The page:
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Reflections from the Road: China
October 22, 2021

I’m in Beijing, China, attending the Baker Tilly International world conference.  It’s my second trip here and I really enjoy the country and its people.

The purpose of my trip is to participate in Baker Tilly international’s governance and operational meetings as both an international board member and the chairman of the North American region.  Baker Tilly International is a worldwide network of independent accounting and business advisory firms in 125 countries, with more than 24,000 professionals and a combined revenue of over $3 billion.  ParenteBeard now has a global reach thanks to our affiliation with the network and I travel internationally several times a year as a chairman.

This trip, I will be attending a variety of presentations by distinguished individuals from across the globe.  I’ll also network with our global member firms that refer business and provide service to our clients who have overseas operations.  I will attend a Baker Tilly China client function to promote the network and the advantages of doing business in the U.S. through Baker Tilly International’s network.  My plans also include a dinner with the deputy general manager of one of the largest international financial institutions.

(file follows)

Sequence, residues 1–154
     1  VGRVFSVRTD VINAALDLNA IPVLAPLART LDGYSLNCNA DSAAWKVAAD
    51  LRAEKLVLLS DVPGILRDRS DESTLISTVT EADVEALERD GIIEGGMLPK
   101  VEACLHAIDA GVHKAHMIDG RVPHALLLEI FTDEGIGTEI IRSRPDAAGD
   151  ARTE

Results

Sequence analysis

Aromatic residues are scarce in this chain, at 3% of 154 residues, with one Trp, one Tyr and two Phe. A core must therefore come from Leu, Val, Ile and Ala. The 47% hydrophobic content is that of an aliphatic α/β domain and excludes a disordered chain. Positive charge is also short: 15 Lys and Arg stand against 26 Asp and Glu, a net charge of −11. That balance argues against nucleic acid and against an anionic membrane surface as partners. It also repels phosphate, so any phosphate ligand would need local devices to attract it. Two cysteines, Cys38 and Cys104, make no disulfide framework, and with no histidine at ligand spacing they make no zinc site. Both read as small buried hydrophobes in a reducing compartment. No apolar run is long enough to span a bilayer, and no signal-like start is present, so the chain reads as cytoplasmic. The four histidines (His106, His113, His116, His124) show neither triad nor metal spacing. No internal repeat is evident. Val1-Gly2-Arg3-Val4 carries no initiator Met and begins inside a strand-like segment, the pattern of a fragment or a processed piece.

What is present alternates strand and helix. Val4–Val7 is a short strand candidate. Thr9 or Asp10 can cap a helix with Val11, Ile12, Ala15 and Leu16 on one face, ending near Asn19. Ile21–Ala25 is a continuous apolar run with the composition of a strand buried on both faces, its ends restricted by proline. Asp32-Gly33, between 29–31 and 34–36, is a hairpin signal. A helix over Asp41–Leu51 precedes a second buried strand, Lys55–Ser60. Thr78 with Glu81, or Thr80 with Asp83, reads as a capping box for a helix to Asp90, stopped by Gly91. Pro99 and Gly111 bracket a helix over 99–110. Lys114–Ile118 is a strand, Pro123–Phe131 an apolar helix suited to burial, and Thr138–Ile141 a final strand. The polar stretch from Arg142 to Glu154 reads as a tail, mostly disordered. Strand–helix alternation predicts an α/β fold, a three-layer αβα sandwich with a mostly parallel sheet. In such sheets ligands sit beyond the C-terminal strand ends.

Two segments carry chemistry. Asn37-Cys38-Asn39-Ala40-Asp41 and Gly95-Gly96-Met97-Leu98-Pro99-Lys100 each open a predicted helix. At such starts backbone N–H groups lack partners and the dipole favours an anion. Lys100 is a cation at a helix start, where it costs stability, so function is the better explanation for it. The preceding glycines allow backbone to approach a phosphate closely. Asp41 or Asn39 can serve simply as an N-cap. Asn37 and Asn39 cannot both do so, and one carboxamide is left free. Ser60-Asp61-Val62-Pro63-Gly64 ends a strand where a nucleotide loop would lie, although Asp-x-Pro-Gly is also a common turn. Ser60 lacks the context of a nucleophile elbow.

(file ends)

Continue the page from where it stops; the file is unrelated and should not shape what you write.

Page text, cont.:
People are always interested in the details of my time abroad.  My next few posts will share some of my experiences and observations.

Here’s a snapshot of the first part of my trip:

  • Left home at 7:00 am to drive to Newark
  • Departed U.S. at 11:55 am
  • Flew 7,280 miles north through Canada over the North Pole to Beijing
  • Estimated travel time:  13 hours
  • Read the current edition of Wine Spectator, started reading a book written by my friend Donald Bliss entitled “Mark Twain’s Tale of Today” and read various documents and position papers
  • Slept for two hours
  • Listened to jazz and classical music
  • Endured a very turbulent flight for the first 2,000 miles
  • Landed on time; cleared customs easily
  • Arrived Wednesday afternoon (time difference is 12 hours ahead and I left Tuesday morning)

Had dinner with a friend from Brazil. Conversation centered on the Latin American economy and the economic challenges facing the region as a result of what’s happening globally.  For example, in Sao Paulo, apartments were very scarce 24 months ago. Now, apartments are widely available in that city. My question: where did everybody go?

A few other observations on the evening:

  • About the meal:  enjoyed phenomenal Australian beef; there were few American wines; there were limited, but very expensive, brands of French wines; Australian and Latin American wines were reasonably priced.
  • An amazing number of Chinese and Asians smoke – everywhere.
  • I was intrigued by our Chinese bartender Nigel.  When I asked him about his name, he shared a story that he was told as a boy to adopt an English name.

I’m contemplating all of the similarities and differences between China and the U.S. when my phone rings towards the end of the night.

It’s Comcast reminding me that CNN is moving to another channel in their lineup.

Thanks for stopping by.